SEC actions fall 9% on job vacancies

From Bloomberg News and Reuters

The Securities and Exchange Commission said it brought 9% fewer enforcement actions in fiscal 2006 after a budget crunch left staff vacancies unfilled.

The number of cases accusing companies and individuals of violating securities laws fell to 574 in the 12 months ended Sept. 30, the smallest total since 2001, the SEC said in a statement Thursday. The agency brought 630 cases in fiscal 2005.

The drop was largely a result of reduced staff, SEC Chairman Christopher Cox said in the statement. The agency restricted hiring in 2006 because it had to close a $48.7-million budget gap triggered partly by cost overruns in building a new headquarters in Washington.


SEC enforcement activity also slowed because of a new internal policy that limits bringing charges against corporations in cases in which shareholders already have been harmed by companies’ wrongdoing, agency officials have said.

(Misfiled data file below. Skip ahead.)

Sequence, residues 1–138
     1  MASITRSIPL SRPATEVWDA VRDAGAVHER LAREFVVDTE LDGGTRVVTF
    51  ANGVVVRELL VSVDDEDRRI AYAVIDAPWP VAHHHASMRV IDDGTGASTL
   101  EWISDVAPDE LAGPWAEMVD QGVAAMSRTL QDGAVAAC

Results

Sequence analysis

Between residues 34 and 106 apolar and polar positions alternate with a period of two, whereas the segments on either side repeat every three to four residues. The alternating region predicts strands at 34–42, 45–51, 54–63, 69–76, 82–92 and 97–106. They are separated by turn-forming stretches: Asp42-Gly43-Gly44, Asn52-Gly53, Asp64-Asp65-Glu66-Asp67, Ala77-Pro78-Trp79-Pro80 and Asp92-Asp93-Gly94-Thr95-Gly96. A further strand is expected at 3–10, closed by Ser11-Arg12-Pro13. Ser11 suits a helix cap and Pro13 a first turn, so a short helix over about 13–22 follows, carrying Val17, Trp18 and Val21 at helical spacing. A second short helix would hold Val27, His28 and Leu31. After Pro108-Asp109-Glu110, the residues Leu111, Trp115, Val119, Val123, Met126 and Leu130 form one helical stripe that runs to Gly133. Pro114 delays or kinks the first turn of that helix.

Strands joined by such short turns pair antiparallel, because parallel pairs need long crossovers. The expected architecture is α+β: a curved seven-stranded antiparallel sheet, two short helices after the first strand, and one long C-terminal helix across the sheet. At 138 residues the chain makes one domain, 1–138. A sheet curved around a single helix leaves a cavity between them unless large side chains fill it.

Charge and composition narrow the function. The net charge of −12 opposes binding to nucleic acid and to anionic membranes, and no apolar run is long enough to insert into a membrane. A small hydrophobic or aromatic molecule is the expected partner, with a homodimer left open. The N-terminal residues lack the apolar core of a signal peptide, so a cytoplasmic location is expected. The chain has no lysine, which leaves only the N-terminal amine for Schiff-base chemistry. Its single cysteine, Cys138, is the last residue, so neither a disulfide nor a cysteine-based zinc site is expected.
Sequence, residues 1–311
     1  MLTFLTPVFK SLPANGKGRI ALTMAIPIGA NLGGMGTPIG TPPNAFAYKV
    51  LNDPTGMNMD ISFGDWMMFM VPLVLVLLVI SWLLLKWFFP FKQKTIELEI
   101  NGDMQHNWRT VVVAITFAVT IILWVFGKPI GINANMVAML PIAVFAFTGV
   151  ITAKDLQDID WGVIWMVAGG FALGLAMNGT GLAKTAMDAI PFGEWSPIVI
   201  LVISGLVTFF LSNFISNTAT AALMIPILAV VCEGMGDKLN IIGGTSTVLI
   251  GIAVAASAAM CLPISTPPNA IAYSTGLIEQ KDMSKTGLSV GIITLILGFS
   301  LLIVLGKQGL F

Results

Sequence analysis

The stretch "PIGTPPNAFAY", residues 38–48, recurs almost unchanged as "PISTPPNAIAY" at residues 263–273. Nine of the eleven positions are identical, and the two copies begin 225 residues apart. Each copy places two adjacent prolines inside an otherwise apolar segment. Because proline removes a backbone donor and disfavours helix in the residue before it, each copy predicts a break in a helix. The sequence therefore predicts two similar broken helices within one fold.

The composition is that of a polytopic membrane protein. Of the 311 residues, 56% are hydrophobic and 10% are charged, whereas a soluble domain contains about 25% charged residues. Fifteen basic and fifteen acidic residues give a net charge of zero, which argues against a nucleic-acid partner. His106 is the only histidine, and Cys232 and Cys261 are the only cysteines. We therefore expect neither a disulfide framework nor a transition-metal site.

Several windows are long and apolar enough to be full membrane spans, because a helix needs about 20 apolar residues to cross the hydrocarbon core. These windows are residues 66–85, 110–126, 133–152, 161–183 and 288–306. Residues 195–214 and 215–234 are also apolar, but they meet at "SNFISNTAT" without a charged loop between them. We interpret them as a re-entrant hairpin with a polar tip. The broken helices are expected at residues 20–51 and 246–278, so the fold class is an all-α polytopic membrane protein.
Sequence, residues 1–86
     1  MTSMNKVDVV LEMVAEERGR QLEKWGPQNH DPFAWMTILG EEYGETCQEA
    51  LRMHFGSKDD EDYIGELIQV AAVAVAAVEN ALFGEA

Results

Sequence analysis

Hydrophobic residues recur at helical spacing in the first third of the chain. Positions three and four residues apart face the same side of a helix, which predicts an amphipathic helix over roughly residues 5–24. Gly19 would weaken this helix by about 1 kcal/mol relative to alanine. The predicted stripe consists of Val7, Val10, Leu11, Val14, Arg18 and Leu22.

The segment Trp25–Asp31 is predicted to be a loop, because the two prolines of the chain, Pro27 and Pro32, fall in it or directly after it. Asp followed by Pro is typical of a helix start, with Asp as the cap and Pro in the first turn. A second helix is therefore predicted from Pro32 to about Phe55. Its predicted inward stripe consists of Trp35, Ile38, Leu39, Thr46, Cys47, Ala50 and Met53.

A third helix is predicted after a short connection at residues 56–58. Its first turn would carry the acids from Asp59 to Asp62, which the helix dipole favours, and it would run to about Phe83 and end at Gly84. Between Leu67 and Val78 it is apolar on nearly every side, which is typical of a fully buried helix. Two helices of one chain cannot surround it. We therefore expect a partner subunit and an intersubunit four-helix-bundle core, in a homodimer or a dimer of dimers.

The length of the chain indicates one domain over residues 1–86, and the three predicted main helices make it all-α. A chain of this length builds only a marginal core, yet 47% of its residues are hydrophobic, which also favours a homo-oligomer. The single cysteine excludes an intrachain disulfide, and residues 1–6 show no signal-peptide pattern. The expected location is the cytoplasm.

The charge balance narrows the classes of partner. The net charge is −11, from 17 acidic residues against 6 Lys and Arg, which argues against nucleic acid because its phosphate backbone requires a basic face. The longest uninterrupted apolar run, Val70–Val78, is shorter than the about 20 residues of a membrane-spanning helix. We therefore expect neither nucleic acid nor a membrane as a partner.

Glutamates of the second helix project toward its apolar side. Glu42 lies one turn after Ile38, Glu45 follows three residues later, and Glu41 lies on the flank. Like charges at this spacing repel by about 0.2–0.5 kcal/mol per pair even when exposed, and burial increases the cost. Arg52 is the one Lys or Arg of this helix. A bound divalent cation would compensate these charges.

At a time when corporate America is dealing with yet another scandal, involving the backdating of stock options, the SEC’s staff fell to about 3,700 employees as of Sept. 30, from about 3,850 a year earlier.

The front-line enforcement division’s staff shrank to 1,189 from 1,232, the SEC said.

Although the agency planned to start filling some of its vacancies, it had no timeframe for doing so, spokesman John Nester said.

Cox stressed that the pace of enforcement actions picked up in the second half of the fiscal year, to 308 cases from 266 in the first half. He also touted the agency’s 10 trial court wins during the fiscal year, without a loss. “This indicates the SEC is bringing the right cases and getting solid results,” he said.

But some in Congress are concerned about the SEC’s effectiveness.

The Government Accountability Office, prompted by a request from Senate Finance Committee Chairman Charles E. Grassley (R-Iowa), agreed last month to investigate the SEC’s enforcement division.

The GAO said it would review the agency’s success rate in bringing cases and its oversight of regulators at the New York Stock Exchange.